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13-06-2022 | Internal Combustion Engine | News | Article

EU Parliament votes to ban internal combustion vehicles from 2035

Author: Christiane Köllner

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This article is an automated translation. The original article in German can be found here

The sale of new cars with internal combustion engines is to be banned from 2035 according to the will of the EU Parliament. Then only passenger cars and light commercial vehicles should be offered, which do not emit greenhouse gases.

A majority of the members of the European Parliament in Strasbourg voted with 339 yes to 249 no votes in favor of the fact that starting from 2035 in the European Union (EU) only passenger cars and light commercial vehicles may be brought on the market, which do not emit greenhouse gases. An amendment that was also discussed, which provided for the CO2 savings from alternative fuels such as e-fuels to be counted towards the fleet targets for new cars, failed by 44 votes. With their vote, the MEPs followed a proposal submitted by the EU Commission as part of the "Fit for 55" climate package.

However, the end of the combustion engine is not yet a done deal. Before such a regulation can come into force, the EU Parliament still has to negotiate it with the EU states. At the end of the month, the EU states want to define their position on the ban on the sale of vehicles with gasoline or diesel engines. Then the two EU institutions still have to find a compromise so that the regulation can come into force. In this context, Germany supports the planned phase-out of internal combustion engines in 2035. In November 2021, several major automakers, including Mercedes-Benz and Ford, had also called for a sales ban on internal combustion engine vehicles in leading markets from 2035 at the World Climate Conference in Glasgow.

Synthetic fuels not eligible

For the German Association of the Automotive Industry (VDA), the EU Parliament's vote is "a decision against innovation & technology and misses the reality of people. Keyword: completely insufficient European charging infrastructure," writes the VDA on Twitter.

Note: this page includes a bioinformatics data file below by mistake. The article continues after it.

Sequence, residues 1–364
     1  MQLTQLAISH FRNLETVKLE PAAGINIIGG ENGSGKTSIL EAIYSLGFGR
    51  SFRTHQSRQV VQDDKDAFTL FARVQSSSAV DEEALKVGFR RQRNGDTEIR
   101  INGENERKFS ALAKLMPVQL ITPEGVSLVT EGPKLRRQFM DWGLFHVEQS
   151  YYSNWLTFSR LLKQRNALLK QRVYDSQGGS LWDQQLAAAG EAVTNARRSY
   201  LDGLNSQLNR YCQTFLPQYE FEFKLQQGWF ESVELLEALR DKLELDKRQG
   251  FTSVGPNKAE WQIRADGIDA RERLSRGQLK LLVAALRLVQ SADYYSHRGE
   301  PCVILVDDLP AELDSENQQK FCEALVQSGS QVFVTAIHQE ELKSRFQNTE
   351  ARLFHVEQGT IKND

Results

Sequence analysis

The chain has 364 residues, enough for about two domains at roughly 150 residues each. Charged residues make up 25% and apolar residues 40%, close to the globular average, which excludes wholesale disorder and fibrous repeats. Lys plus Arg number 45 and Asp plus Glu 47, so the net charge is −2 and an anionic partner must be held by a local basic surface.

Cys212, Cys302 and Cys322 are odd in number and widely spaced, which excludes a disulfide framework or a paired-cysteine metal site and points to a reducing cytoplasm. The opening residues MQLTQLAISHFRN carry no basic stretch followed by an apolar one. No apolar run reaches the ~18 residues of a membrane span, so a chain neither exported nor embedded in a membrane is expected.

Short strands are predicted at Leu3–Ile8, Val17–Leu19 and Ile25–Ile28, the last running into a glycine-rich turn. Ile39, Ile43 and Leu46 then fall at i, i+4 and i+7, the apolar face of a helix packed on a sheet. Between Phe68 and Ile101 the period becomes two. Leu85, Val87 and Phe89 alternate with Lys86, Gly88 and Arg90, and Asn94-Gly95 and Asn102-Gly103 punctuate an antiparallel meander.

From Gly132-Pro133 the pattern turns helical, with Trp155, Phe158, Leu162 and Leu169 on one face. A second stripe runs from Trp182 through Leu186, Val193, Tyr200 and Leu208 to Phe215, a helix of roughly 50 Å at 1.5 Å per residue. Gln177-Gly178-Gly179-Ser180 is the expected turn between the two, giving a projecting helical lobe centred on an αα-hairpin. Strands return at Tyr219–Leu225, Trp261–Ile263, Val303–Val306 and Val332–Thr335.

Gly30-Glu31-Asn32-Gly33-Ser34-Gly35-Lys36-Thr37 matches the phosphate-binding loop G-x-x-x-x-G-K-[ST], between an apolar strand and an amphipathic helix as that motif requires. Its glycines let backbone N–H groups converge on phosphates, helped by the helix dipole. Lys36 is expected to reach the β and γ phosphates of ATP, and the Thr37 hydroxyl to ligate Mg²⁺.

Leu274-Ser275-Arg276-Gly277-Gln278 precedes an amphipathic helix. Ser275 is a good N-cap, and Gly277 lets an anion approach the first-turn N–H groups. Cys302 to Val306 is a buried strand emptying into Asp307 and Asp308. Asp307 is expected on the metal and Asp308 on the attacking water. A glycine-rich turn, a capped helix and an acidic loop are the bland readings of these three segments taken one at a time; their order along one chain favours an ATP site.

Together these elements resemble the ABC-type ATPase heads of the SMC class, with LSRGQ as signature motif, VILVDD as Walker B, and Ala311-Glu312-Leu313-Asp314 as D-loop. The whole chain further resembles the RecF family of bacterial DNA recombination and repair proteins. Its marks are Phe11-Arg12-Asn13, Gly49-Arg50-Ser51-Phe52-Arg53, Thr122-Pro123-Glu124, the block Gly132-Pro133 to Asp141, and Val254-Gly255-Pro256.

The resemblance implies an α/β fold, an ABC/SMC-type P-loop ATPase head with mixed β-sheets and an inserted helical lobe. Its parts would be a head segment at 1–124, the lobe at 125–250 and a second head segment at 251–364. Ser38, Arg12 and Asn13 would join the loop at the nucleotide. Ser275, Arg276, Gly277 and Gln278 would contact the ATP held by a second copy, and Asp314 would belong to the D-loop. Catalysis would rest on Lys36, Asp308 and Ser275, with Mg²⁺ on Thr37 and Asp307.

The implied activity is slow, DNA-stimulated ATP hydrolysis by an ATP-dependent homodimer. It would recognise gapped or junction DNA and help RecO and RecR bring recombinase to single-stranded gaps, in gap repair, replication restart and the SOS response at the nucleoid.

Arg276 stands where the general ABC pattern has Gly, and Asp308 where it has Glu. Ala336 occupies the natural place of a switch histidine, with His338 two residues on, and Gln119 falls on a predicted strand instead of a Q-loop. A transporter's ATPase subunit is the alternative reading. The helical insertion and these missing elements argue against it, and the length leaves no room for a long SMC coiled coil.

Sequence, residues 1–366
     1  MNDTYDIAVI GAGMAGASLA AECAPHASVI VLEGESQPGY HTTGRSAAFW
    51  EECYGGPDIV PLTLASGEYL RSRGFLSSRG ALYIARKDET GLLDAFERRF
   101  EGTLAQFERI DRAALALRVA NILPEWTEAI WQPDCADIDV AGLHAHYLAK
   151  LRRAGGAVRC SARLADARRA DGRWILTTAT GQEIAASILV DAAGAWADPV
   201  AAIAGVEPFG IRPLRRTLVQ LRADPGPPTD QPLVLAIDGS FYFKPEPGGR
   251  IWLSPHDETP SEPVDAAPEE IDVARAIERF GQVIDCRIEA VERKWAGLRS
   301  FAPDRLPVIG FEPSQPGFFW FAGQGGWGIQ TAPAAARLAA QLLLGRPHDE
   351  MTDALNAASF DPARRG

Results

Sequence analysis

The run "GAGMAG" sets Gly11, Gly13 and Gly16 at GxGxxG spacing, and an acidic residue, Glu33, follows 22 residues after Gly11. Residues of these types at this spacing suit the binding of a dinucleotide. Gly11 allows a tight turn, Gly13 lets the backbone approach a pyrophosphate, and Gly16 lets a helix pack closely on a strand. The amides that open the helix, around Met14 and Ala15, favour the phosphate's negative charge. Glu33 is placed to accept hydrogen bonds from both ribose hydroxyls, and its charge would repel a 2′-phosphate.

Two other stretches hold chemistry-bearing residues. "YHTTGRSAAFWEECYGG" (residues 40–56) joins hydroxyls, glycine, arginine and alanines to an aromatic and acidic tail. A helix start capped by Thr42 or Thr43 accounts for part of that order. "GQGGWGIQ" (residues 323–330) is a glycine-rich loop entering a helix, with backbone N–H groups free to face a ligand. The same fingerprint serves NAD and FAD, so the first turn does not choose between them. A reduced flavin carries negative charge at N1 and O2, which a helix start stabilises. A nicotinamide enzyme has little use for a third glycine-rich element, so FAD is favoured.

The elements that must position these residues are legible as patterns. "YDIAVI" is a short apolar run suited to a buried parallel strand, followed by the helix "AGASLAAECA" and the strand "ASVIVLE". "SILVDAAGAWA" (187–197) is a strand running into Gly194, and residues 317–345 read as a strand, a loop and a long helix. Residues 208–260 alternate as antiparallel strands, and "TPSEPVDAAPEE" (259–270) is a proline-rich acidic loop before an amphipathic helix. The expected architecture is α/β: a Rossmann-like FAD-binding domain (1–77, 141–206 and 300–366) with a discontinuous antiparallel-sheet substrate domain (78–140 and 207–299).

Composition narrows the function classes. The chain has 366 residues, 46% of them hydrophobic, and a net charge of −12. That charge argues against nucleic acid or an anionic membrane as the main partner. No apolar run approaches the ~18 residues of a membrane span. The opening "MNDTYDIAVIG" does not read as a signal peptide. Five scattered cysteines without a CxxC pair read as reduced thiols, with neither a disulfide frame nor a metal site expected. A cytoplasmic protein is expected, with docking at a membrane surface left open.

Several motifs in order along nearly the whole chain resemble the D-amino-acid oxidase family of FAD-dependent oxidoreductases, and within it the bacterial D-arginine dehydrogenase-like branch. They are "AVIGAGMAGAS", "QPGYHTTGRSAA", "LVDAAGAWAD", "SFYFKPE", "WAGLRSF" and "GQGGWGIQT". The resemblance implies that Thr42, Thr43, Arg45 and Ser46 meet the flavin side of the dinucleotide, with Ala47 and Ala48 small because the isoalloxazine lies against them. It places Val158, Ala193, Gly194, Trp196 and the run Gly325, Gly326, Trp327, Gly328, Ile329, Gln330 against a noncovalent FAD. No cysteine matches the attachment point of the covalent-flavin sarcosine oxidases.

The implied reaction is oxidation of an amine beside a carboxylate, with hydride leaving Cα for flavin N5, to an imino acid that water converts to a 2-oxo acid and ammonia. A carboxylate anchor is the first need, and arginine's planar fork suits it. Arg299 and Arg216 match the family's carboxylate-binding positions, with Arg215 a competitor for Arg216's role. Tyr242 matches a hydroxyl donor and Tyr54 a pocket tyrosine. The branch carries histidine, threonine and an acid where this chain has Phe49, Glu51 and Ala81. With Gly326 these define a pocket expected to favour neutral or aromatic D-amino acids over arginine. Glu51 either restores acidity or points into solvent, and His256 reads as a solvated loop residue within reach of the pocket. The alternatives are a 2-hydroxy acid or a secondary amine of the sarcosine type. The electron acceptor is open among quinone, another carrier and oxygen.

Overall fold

The eFuel Alliance criticizes the one-sided focus on electromobility and pleads for a mix of technologies. "The current EU regulation on CO2 standards for cars and vans, which focuses exclusively on tailpipe emissions, will not ensure a timely transition to climate-neutral mobility. This is because emissions that occur in earlier or later stages of a vehicle's lifecycle, such as in the production of the vehicle or in the generation and provision of the operating electricity, are not taken into account," the advocacy group says. It also says the EU's electricity mix is still heavily dependent on fossil fuels. Likewise, the automobile club ADAC pleads for the additional use of e-fuels.

At the beginning of June, more than 300 scientists already warned in an open letter against phasing out the internal combustion engine too soon. The scientists believe that the "real-life" CO2 emissions of battery-electric vehicles are often distorted. As early as 2021, the scientists demanded in an open letter to the EU Commission, a change of course in the implementation of the transport turnaround.

VCD calls for ambitious targets

The European umbrella organization of car manufacturers, ACEA, welcomes the fact that the Parliament has retained the EU Commission's proposal for the 2025 and 2030 targets. However, it says they are now "set in stone." However, the transformation of the industry would also depend on many imponderable external factors such as the charging infrastructure. It would therefore be better to review the targets transparently at the halfway point in order to define targets for the period after 2030.

However, the VCD, an ecological transport association, does not think the targets go far enough. Michael Müller-Görnert, transport policy spokesman for the VCD, is calling for the limits to be lowered even more than planned by the Commission. He says the EU Parliament must lower the limits for 2030 by 70% instead of 55% and introduce an interim target for 2027. "By 2035 at the latest, only emission-free vehicles should then really be allowed. Any postponement and softening counteracts climate protection and energy security."

Read also the pro-con commentary on the European Parliament's decision here. 

This article is an automated translation. The original article in German can be found here

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